Offen, nominating herself, asked Milan to join in. They compiled a list of restaurants and divided them up for research and recall before editing each other’s work in a year-long process. With narrative and pictures, they organized chapters around eateries that have been legendary, forgotten, student standbys, novelties and much more. One reminder is of Boesky’s, a kosher-style favorite.

The copper bell and bottle opener used by patrons of the Pretzel Bell on New Year’s Eve, 1934/1935

Although they found no restaurants precisely following Jewish dietary laws, there were Jewish culinary historians guiding the research and able to point out vegetarian specialists.

“Jan Langone, who turned over a collection of restaurant materials to establish the Jan Bluestone Langone Culinary Archive at the Hatcher Graduate Library at the University of Michigan, got us pictures and menus,” explains Offen, a Hartland resident who is a senior vice president and creative director at Doner in Southfield.

“Susan Wineberg, another local food historian whose collection is at the Bentley Historical Library at Eastern Michigan University, also helped us in finding pictures and menus. Phil Zaret, active in the Culinary Historians of Ann Arbor, put us in touch with someone we had been looking for.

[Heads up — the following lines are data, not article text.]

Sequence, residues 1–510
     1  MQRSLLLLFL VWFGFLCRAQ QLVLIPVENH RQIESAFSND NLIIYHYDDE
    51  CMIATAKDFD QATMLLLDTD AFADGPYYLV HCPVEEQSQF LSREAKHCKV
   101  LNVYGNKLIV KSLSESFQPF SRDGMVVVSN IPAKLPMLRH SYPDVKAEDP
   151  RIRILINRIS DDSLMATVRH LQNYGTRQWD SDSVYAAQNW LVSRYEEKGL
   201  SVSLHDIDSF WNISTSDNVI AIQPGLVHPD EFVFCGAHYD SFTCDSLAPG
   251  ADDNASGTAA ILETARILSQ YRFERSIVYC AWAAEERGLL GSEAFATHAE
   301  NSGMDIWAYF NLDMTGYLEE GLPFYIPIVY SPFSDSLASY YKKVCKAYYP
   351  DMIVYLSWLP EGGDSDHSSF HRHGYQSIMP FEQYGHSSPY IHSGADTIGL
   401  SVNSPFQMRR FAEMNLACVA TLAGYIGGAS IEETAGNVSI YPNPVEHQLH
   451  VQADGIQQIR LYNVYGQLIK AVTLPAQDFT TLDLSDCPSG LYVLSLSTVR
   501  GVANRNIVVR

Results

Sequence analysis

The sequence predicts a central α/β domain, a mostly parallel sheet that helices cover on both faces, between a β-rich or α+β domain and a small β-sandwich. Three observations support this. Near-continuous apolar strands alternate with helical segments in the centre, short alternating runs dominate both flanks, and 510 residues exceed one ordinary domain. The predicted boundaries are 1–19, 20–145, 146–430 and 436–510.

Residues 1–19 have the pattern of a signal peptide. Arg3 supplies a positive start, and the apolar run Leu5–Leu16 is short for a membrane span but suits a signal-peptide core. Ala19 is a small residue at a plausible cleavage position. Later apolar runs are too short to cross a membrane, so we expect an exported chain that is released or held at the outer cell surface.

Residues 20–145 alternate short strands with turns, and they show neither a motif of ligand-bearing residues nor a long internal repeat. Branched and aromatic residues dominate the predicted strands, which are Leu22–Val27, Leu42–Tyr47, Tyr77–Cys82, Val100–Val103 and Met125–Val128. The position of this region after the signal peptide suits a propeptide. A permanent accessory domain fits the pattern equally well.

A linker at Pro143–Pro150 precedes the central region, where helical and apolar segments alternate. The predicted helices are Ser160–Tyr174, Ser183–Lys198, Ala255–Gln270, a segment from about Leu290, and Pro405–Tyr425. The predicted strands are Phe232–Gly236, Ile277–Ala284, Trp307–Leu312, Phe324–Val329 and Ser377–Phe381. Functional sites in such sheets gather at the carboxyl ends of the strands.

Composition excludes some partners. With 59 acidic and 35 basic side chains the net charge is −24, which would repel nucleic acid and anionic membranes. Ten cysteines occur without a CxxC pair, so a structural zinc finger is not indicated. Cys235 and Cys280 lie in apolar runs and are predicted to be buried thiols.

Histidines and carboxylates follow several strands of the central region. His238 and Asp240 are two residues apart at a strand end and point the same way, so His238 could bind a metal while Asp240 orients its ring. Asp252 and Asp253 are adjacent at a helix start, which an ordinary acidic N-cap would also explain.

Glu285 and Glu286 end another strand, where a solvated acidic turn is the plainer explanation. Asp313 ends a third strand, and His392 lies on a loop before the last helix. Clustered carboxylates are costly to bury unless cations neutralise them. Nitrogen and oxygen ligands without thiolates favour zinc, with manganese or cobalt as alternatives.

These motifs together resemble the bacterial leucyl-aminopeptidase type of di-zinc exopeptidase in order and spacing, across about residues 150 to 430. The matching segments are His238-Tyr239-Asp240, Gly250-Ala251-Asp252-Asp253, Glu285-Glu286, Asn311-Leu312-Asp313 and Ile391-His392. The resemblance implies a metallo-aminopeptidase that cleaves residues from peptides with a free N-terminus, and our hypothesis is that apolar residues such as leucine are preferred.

“Ruth Reichl, the former editor of Gourmet magazine, made herself available to talk about being a waitress at La Seine, an extravagant French restaurant that only lasted for a year in the ’60s. She recalled making a dollar an hour from the restaurant but $25 a night in tips while learning a lot about food during her student years.”

La Seine was an authentic French restaurant; unfortunately, the nine owners had no restaurant experience and it closed a year later. Ruth Reichl worked here as a waitress before achieving fame as a noted chef, food critic and editor of “Gourmet” magazine.

Offen was inspired to write by her late father, Sam Offen, who took his family to Ann Arbor restaurants during summers at Horseshoe Lake and who wrote — and spoke to groups about — his memoir, When Hope Prevails: The Personal Triumph of a Holocaust Survivor.

Milan, a journalist and musician as well as historian living in Westland, has dined around Ann Arbor working as a pianist and planning two other Arcadia publications, Old Chicago Road and Detroit: Ragtime and the Jazz Age.

Grab-and-go choices fit in with his lifestyle — maybe a club sandwich at the Full Moon, perhaps Polish sausage from Le Dog. When really hungry and ready for eat-in choices, he has ordered filets at Knight’s and prime ribs at Weber’s.